End to Fed stimulus, China slowdown spark world sell-off
By Richard Hubbard
LONDON (Reuters) - Clear signals from the U.S. Federal Reserve that it will soon stop pumping money into the global economy and data pointing to slower growth in China sparked sharp falls in bonds, shares and commodities on Thursday.
Emerging markets, many of which have been primed by the cheap Fed cash, saw some of the biggest selling as investors rushed to the exits.
MSCI's benchmark index for emerging equities .MSCIEF slumped more than 3.3 percent and shares across the Asian Pacific region outside Japan .MIAPJ0000PUS recorded their biggest daily drop since late 2011.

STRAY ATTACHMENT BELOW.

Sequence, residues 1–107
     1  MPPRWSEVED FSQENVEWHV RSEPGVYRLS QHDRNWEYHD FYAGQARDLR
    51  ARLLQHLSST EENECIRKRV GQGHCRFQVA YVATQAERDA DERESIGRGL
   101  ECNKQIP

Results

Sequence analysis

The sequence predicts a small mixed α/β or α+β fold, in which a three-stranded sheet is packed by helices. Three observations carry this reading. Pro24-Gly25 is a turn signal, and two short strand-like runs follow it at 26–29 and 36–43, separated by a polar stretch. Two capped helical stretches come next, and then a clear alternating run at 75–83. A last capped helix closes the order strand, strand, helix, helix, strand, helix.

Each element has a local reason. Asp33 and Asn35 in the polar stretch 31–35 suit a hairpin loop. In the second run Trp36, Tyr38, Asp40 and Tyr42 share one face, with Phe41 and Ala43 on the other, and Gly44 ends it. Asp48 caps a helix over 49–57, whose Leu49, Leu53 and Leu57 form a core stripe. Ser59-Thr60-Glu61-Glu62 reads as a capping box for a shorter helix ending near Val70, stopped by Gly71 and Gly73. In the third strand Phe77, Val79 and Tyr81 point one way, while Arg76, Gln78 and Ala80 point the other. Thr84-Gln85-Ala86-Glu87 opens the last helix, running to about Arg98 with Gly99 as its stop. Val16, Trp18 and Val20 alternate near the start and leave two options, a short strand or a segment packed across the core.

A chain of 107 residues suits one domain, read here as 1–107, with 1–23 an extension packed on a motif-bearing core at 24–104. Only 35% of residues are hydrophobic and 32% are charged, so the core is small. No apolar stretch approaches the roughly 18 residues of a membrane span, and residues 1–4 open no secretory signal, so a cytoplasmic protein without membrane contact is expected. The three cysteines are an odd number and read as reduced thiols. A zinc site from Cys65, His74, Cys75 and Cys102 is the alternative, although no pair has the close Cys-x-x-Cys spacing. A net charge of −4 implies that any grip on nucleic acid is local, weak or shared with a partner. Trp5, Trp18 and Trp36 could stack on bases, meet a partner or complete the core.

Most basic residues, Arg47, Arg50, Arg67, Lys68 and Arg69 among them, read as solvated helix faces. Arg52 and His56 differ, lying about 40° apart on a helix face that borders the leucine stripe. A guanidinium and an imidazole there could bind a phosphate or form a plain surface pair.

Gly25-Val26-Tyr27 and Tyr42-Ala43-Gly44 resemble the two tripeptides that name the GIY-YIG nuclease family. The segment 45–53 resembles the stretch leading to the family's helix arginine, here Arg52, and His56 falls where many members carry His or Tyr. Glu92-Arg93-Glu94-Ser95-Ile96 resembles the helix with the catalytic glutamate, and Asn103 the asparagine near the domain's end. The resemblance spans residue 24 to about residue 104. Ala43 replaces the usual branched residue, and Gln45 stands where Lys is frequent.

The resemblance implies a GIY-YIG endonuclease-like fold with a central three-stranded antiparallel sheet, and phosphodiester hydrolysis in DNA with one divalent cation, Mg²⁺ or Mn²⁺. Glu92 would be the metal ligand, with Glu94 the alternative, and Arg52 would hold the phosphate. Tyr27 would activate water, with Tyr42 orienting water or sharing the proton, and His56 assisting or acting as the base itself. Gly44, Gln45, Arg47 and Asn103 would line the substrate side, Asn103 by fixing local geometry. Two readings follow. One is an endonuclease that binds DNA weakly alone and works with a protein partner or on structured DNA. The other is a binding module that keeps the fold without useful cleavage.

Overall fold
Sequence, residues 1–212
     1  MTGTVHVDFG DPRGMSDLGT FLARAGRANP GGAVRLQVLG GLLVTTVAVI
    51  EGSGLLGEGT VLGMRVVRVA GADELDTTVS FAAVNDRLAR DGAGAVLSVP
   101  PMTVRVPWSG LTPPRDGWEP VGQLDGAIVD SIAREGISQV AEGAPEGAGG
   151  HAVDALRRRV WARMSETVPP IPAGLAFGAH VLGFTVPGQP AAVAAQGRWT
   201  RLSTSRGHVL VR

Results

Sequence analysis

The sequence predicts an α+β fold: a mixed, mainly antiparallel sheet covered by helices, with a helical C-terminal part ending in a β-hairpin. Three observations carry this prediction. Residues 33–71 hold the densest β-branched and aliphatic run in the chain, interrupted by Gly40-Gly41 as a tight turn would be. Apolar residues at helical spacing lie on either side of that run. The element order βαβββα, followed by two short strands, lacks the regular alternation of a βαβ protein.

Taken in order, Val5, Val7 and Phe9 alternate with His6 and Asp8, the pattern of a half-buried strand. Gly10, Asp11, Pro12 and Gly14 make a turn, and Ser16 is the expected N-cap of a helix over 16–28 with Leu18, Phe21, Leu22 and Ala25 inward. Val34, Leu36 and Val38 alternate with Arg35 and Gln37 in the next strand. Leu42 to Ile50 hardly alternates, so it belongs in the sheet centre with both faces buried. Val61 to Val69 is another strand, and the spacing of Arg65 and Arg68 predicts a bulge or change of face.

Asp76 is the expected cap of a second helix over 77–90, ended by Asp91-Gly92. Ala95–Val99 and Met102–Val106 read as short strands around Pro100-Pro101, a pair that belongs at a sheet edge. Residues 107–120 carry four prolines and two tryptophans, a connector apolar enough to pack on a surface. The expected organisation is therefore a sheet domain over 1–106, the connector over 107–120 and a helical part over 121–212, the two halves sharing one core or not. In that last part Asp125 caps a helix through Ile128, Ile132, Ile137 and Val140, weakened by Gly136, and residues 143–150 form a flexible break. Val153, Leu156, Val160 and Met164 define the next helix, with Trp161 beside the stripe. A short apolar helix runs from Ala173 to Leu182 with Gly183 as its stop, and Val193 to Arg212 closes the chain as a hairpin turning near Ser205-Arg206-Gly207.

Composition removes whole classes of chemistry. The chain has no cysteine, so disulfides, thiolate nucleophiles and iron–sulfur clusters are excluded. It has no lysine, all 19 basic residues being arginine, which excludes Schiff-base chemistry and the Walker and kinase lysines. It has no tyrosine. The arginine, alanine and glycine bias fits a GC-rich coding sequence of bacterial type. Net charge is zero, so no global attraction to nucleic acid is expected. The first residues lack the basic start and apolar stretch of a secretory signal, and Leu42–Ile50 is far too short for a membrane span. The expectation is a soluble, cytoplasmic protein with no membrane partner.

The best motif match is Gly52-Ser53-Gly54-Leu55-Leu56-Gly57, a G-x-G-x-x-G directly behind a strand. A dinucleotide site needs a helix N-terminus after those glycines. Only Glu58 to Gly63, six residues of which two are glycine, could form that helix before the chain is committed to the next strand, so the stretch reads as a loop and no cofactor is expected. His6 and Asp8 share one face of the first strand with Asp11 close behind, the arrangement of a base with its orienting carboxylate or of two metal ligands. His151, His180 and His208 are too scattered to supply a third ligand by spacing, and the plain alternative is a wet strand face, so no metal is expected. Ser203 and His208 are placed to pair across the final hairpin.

World stocks in general .MIWD00000PUS saw the largest one-day drop for 12 months, falling 1.85 percent with U.S. stock futures pointing to further losses when Wall Street opens .N.
Among other unwanted milestones, gold and silver tumbled to near a three-year lows while South African 10-year bond yields posted their biggest one-day rise in a decade.
The initial catalyst for the selloff was Fed Chairman Ben Bernanke's surprisingly strong commitment to end the central bank's asset buying by the middle of 2014. That sent 10-year U.S. Treasury note yields to 15-month highs.
"The Fed has reduced uncertainty about some of its plans and that is probably one of the key differences to what the markets' expectations were heading in to the meeting," said Ken Dickson, investment director at Standard Life.
"I think it is quite reasonable that the tapering will begin later this year but what looks a little bit more optimistic is that the process will be finished by mid next year." Continued...